As many as 4,000 technicians and administrators in businesses and organisations are expected to receive training on seeking, decoding, mastering, and transferring technologies through both direct and online formats by 2025, which will increase to 10,000 by 2030. Meanwhile, a network of 200 and 500 international technology partners is expected to be set up by 2025 and 2030, respectively. The number of FDI projects that include the transfer of technologies to local firms is hoped to increase 10% each year by 2025 and 15% per year by 2030. At the same time, 30% of businesses producing major products in prioritised areas are expected to build their own research and development facilities serving the transfer and absorption of technologies. According to reports, the percentage is expected to increase to 70% by 2030.
Under the new decision, greater attention will be paid to enhancing human resource quality through in-depth training at home and abroad and inviting foreign experts to work and give training in Vietnam. Along with receiving assistance to improve their capacity to seek, negotiate, evaluate, transfer, and absorb technologies, businesses and organisations will be supported to implement projects to transfer, decode, master, and develop technologies from abroad to Vietnam.
The country, which is pursuing a policy on the development of digital technologies, has set the goal of having ten technology firms with annual revenue of over $1 billion by 2025. As OpenGov Asia reported earlier, under a plan, the Ministry of Information and Communications (MIC) will draft a Law on Digital Technology to institutionalise guidelines and policies of the Party and the State on digital technology development.
Other tasks for 2022 are building and protecting the growth space and developing a digital economy based on research, creation, production, supply, and indigenously-developed technology products and services. It’s expected that by 2025, the ICT industry will shift from outsourcing and assembling to designing and manufacturing technology products locally. The Ministry aims for the sector to master or invent technologies with local content of over 45%. Vietnam plans to have 100,000 digital technology firms by 2025 and have at least 10 firms compete in global markets with revenues of over US$1 billion. It also wants to have 10 localities with revenues of over US$1 billion from ICT and 10-12 IT zones.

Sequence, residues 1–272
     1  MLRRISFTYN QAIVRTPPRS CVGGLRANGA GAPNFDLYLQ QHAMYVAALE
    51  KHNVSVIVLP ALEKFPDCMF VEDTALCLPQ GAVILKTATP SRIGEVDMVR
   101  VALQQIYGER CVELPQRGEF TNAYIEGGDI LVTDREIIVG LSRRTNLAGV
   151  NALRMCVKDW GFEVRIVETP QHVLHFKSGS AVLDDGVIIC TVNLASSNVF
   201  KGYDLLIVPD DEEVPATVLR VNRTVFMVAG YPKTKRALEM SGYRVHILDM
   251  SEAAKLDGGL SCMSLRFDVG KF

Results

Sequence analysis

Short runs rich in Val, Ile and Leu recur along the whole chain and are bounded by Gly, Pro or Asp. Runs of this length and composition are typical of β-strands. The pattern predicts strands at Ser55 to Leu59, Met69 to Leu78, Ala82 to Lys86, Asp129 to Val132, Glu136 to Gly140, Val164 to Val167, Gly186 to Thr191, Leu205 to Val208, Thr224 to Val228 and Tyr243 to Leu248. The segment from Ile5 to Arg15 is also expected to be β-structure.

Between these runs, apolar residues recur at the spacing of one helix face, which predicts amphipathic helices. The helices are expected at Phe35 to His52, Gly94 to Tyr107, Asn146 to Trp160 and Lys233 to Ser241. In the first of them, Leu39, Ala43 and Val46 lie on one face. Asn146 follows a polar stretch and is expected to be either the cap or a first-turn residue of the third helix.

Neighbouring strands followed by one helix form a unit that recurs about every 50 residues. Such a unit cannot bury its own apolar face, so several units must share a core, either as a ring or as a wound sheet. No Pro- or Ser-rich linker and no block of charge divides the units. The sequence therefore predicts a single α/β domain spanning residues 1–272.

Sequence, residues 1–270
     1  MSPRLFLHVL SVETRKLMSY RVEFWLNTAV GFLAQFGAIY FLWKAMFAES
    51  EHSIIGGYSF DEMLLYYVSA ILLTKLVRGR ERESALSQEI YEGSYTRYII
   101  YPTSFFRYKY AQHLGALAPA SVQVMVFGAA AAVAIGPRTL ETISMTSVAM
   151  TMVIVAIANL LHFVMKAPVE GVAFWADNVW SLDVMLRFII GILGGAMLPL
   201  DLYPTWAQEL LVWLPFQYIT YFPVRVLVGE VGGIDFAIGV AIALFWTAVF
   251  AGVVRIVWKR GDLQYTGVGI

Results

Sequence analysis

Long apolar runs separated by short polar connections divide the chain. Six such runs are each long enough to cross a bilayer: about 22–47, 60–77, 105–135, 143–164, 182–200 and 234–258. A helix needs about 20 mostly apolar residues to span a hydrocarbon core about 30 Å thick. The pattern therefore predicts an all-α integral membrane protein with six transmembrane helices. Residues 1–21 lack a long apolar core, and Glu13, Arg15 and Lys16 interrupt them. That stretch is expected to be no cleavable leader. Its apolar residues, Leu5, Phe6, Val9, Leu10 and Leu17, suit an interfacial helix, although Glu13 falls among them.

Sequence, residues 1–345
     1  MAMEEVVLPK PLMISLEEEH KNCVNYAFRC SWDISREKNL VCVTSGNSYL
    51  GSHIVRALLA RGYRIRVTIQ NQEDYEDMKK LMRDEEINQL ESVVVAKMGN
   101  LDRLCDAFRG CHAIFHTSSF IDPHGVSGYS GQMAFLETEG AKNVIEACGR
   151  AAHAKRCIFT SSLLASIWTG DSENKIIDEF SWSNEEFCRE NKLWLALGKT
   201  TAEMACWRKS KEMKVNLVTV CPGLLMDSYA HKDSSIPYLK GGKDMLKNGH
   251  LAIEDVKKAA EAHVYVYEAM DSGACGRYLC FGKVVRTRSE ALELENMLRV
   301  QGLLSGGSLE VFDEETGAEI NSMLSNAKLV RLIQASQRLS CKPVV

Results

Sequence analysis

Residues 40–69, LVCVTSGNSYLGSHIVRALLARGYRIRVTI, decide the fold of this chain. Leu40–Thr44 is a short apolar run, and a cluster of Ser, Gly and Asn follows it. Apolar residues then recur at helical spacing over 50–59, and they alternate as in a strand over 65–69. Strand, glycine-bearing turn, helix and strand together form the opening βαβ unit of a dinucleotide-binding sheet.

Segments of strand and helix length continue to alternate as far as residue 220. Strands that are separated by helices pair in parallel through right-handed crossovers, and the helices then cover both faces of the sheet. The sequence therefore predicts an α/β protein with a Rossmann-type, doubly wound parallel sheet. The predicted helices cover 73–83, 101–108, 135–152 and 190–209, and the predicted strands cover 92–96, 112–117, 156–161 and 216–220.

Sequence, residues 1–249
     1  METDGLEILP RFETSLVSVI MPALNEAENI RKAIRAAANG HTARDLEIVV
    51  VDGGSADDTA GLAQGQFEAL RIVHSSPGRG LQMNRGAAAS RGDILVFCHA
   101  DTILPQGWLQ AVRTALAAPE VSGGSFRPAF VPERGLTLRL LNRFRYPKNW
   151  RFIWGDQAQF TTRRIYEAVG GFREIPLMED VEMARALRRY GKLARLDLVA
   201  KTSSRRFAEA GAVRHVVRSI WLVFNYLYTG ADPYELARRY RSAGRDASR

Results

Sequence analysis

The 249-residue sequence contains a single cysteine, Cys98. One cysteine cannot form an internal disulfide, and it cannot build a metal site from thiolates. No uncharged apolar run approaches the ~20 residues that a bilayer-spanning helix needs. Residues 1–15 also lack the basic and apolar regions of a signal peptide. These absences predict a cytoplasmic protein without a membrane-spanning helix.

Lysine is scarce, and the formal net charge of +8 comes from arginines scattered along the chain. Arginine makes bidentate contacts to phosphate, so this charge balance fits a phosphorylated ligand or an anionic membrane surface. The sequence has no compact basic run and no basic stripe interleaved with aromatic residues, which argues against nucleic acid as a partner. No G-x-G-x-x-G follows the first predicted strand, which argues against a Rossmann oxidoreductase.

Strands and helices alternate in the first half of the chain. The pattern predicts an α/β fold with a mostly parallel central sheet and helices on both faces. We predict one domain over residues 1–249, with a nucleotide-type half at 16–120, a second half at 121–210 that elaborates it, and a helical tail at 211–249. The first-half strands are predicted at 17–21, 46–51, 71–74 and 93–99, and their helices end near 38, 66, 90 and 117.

Last year, the total revenue of Vietnam’s ICT segment was estimated at an all-time high of VND3,462 trillion (US$151 billion), growing 9% year on year. The ICT segment alone contributes over US$136 billion to the sum, increasing by some US$11.5 billion from last year, according to data from MIC.
The Defense Information Systems Agency is planning to release a “container as a service” product in the coming months that will help synchronise the Defense Department’s many cloud environments. The project aims to make data centres central to the Defense Department’s hybrid cloud environment by using commercial containers. The hybrid approach sometimes “raises an eyebrow” but there were a lot of benefits to a container-based approach.
A server is a server. So it is possible to do that on-premises. And where that becomes super powerful is when you have an on-prem container in the data centres, you have containers in the cloud. And now the nexus between the two is substantially easier and more standardised than it would have been previously
the container-as-a-service shift setup, which includes data centre personnel and those who came from the legacy Cloud Computing Program Office, could help develop new skill sets for the existing workforce. A minimum viable product of the service is expected this year.
One of the concepts is to take on both sides – both people that understand how to administer environments in the cloud, as well as people that understand how to administer environments in a traditional data centre – and create some overlap of experience and skillsets so that have a more organic cross-functional workforce.
The approach not only builds new skills for existing workers, which could help with retention but it also makes the agency more adaptable to changing mission needs. 2022 is a key year for DISA’s updated strategic approach to simplify and modernise the Defense Department’s IT infrastructure with more enterprise services and enhance cybersecurity.